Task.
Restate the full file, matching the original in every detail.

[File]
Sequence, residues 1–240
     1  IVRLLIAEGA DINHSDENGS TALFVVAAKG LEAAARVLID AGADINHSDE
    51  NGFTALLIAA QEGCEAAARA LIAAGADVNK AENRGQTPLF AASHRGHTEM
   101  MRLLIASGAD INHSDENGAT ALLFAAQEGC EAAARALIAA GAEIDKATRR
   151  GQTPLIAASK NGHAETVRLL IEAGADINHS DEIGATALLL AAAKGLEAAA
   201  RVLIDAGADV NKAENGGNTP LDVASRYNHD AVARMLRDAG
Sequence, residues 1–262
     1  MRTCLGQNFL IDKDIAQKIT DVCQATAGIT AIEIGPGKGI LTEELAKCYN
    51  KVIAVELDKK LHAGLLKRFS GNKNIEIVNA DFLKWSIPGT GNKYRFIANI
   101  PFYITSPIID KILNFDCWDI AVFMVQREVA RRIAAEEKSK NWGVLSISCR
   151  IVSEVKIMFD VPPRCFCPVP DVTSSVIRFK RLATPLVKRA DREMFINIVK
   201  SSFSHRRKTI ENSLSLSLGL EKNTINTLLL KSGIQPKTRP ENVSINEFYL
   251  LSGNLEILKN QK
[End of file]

Sequence, residues 1–240
     1  IVRLLIAEGA DINHSDENGS TALFVVAAKG LEAAARVLID AGADINHSDE
    51  NGFTALLIAA QEGCEAAARA LIAAGADVNK AENRGQTPLF AASHRGHTEM
   101  MRLLIASGAD INHSDENGAT ALLFAAQEGC EAAARALIAA GAEIDKATRR
   151  GQTPLIAASK NGHAETVRLL IEAGADINHS DEIGATALLL AAAKGLEAAA
   201  RVLIDAGADV NKAENGGNTP LDVASRYNHD AVARMLRDAG
Sequence, residues 1–262
     1  MRTCLGQNFL IDKDIAQKIT DVCQATAGIT AIEIGPGKGI LTEELAKCYN
    51  KVIAVELDKK LHAGLLKRFS GNKNIEIVNA DFLKWSIPGT GNKYRFIANI
   101  PFYITSPIID KILNFDCWDI AVFMVQREVA RRIAAEEKSK NWGVLSISCR
   151  IVSEVKIMFD VPPRCFCPVP DVTSSVIRFK RLATPLVKRA DREMFINIVK
   201  SSFSHRRKTI ENSLSLSLGL EKNTINTLLL KSGIQPKTRP ENVSINEFYL
   251  LSGNLEILKN QK